I dropped my pack and strapped on the 162 short board, the "C" board, as the snowpack just didn't quite warrant the A or even B board.  And certainly not the skis.  I needed the most float I could get, especially lower in the trees, and this board was beat up to all to hell anyway.  It was my Mt Rainier board, with it's first rock hit on its inaugural run on Mt Rainier over my birthday in the terrible, terrible snow year of 2005/2006.  So coming up on its 11th year of service, and still kicking.   Sort of.  Last year I had wrapped the edge around a good sized boulder in the early season, and it was a thin strand of p-tex and bubble gum that kept the broken edge from ripping further down the board making it useless and another relic worthy of the a wall mount with the other dinosaurs.  But we'd see if we couldn't coax another year out of her, or at least a couple more days and a certain probability of sacrifice to keep the A board the sweetheart that she is.

I rocked out onto the face and found the base a firm, icy, wind board, and worked my way over to the trees, where all the powder had blown in.  Sure enough, I was soon hooting and hollering in fun turns, working the light powder in the well-known forest.  700 VF of super dry continental powder served and devoured.   

Toward the bottom of the ptarmigan trees, to ensure I could make the return trail's powder without 'dipping a paddle' on the flat bench below the alpine face, I worked my way right and enjoyed some wind affected powder below my favorite line on the ptarmigan face.  Not all the snow had been moved, at least not at the bottom.  And then after cruising the up-track along the bench, I got to enjoy the power in the lower trees.  What a reversal of the norm!  Usually the top alpine had the best snow, and the trees a bonus, but today in the shade of the trees, all of the 20" of last weeks storm had remained, compacted of course, and the full 6" floated on top making for some delightful powder turns back to the car.  Of course I had to jump a few deadfall along the way, but I knew where I was going, and there was only the tracks of two who had descended yesterday/last night to compete with, so I found my own untracked and used their turns to my advantage as launching pads for the various terrain features I encountered.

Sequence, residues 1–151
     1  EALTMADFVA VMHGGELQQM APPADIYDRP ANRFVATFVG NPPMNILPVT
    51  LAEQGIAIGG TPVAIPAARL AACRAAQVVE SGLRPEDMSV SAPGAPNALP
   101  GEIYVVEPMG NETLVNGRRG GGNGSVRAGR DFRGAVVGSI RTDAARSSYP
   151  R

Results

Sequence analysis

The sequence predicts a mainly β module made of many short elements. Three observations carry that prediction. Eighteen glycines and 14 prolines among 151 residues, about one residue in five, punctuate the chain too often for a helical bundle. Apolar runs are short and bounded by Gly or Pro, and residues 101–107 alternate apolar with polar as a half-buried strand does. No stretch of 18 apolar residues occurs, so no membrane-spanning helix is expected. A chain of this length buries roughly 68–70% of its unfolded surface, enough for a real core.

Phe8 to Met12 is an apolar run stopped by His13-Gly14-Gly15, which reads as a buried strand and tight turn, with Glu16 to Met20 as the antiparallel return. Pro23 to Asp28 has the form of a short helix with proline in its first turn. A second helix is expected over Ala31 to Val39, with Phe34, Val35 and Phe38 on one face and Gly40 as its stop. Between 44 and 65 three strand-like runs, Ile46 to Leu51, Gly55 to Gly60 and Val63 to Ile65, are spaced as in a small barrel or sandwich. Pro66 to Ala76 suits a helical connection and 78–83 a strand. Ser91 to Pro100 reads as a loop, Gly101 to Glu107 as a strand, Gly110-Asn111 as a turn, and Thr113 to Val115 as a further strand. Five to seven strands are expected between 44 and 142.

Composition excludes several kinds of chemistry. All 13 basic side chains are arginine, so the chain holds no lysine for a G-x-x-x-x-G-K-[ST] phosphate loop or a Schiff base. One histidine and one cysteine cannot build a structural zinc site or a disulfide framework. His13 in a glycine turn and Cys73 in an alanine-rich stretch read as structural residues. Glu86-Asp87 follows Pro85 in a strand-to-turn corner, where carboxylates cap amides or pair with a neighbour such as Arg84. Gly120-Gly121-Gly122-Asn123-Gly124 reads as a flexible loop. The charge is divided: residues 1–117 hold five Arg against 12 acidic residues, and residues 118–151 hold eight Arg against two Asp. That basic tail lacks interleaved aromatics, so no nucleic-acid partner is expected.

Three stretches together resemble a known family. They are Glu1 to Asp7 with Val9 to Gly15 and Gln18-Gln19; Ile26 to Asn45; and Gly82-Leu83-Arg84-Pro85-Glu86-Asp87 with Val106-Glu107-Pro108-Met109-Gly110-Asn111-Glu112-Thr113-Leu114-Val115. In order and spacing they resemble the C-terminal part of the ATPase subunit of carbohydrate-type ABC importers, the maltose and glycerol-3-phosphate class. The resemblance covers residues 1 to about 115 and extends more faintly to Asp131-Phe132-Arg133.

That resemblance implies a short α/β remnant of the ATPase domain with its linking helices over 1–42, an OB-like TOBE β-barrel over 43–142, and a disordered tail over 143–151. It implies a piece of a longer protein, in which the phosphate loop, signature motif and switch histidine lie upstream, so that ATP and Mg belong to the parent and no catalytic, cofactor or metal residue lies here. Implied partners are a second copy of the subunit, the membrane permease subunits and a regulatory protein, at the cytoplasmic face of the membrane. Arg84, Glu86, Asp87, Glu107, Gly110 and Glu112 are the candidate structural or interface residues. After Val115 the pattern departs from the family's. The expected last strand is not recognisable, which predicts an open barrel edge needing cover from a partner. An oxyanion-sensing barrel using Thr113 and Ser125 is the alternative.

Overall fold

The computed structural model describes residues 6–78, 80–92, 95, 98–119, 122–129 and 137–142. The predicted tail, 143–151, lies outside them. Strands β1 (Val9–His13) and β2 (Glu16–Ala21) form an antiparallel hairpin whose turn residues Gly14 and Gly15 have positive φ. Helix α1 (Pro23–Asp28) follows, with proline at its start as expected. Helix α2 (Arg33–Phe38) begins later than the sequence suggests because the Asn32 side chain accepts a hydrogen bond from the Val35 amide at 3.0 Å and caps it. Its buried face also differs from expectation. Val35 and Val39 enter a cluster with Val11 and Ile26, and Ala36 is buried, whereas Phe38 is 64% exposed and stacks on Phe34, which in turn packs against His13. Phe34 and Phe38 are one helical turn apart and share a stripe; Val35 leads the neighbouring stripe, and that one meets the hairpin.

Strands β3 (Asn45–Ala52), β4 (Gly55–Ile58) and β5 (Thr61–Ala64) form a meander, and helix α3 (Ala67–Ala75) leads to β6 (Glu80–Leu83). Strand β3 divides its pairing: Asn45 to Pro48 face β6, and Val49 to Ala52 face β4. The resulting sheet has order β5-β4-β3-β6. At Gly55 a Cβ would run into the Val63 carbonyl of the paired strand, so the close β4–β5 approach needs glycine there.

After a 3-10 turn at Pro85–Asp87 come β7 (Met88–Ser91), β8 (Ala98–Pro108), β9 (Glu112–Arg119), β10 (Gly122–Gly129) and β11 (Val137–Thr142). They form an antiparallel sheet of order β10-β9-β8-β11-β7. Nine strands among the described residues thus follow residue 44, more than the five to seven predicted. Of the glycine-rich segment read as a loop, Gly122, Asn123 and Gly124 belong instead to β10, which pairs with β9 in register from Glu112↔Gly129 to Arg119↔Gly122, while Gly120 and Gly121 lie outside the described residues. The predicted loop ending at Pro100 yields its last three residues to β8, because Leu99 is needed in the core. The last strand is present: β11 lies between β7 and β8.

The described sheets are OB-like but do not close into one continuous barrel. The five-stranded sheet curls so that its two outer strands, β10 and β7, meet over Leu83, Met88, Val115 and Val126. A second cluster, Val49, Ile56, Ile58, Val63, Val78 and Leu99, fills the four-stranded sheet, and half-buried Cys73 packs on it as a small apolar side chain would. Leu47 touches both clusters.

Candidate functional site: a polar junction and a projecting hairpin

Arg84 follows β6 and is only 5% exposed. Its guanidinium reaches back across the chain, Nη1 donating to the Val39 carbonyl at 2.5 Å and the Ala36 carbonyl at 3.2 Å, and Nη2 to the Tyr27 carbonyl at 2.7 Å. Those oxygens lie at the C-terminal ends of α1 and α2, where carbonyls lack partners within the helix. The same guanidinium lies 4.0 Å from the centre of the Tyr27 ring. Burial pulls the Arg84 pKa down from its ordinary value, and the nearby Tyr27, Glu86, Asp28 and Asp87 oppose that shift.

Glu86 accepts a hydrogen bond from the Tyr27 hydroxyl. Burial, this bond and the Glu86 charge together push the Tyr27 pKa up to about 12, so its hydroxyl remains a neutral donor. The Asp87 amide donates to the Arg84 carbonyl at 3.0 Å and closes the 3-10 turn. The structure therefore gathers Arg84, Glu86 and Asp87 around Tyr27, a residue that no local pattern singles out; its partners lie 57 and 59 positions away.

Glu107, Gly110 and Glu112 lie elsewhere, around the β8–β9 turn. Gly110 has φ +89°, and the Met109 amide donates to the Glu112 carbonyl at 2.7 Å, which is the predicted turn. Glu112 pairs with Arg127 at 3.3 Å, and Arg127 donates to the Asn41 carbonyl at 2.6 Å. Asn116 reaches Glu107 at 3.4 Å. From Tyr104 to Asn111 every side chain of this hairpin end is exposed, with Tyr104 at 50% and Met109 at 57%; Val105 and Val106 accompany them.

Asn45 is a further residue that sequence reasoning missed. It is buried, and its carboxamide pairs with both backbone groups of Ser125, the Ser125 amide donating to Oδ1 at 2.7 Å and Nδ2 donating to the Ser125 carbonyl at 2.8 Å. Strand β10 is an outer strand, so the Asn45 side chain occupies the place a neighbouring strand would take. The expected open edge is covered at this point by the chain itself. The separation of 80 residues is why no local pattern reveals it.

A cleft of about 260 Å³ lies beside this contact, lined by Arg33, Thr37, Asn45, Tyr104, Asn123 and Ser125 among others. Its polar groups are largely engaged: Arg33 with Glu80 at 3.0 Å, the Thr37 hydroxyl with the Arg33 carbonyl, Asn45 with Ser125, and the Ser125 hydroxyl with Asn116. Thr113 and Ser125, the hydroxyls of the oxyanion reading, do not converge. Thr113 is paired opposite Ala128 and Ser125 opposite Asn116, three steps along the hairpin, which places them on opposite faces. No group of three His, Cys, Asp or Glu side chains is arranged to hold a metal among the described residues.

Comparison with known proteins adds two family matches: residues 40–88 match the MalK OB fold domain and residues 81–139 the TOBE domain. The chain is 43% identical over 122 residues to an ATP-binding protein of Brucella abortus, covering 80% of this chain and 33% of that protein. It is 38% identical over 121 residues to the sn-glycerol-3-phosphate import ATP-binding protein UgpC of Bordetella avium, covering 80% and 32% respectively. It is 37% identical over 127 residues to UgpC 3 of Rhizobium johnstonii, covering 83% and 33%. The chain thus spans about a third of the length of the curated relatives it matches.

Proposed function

Once back at the car I saw there was another car parked next to mine.  8 am and the lot was already crowded.  Oh well, I guess it was time to go off to work.

* shawow_selfie_-_snowshoe_tracks_and_north_diamond_peakJPG.JPG (90.95 KB, 640x480 - viewed 883 times.)

* tracks_out_of_the_trees_traverse_and_down_the_lower_face.JPG (97.89 KB, 640x480 - viewed 880 times.)
« Last Edit: 11/02/17, 08:20 PM by MW88888888 » Logged

Posts: 2315

Re: October 10, 2017, S Diamond Peak (11,701)
« Reply #1 on: 10/11/17, 10:14 PM »

Nice trip report. Wink
Charlie Hagedorn

Posts: 1890

Re: October 10, 2017, S Diamond Peak (11,701)
« Reply #2 on: 10/13/17, 07:38 AM »

Smiley. MW8 and Colorado deliver again.


Posts: 567

Re: October 10, 2017, S Diamond Peak (11,701)
« Reply #3 on: 10/14/17, 05:14 PM »


Posts: 325

Re: October 10, 2017, S Diamond Peak (11,701)
« Reply #4 on: 10/18/17, 08:06 PM »

Nice. Quite nice! VERY NICE!!! PNW suffering from very high snow levels, and snow in 'flood-stage' form, at the moment...
Pages: [1] | Go Up Print 
« previous next »
Jump to:  

Login with username, password and session length

Thank you to our sponsors!
click to visit our sponsor: Feathered Friends
Feathered Friends
click to visit our sponsor: Marmot Mountain Works
Marmot Mountain Works
click to visit our sponsor: Second Ascent
Second Ascent
click to visit our sponsor: American Alpine Institute
American Alpine Institute
click to visit our sponsor: Pro Guiding Service
Pro Guiding Service

Turns All Year Trip Reports ©2001-2010 Turns All Year LLC. All Rights Reserved

The opinions expressed in posts are those of the poster and do not necessarily
reflect the opinions of Trip Reports administrators or Turns All Year LLC

Turns All Year Trip Reports | Powered by SMF 1.0.6.
© 2001-2005, Lewis Media. All Rights Reserved.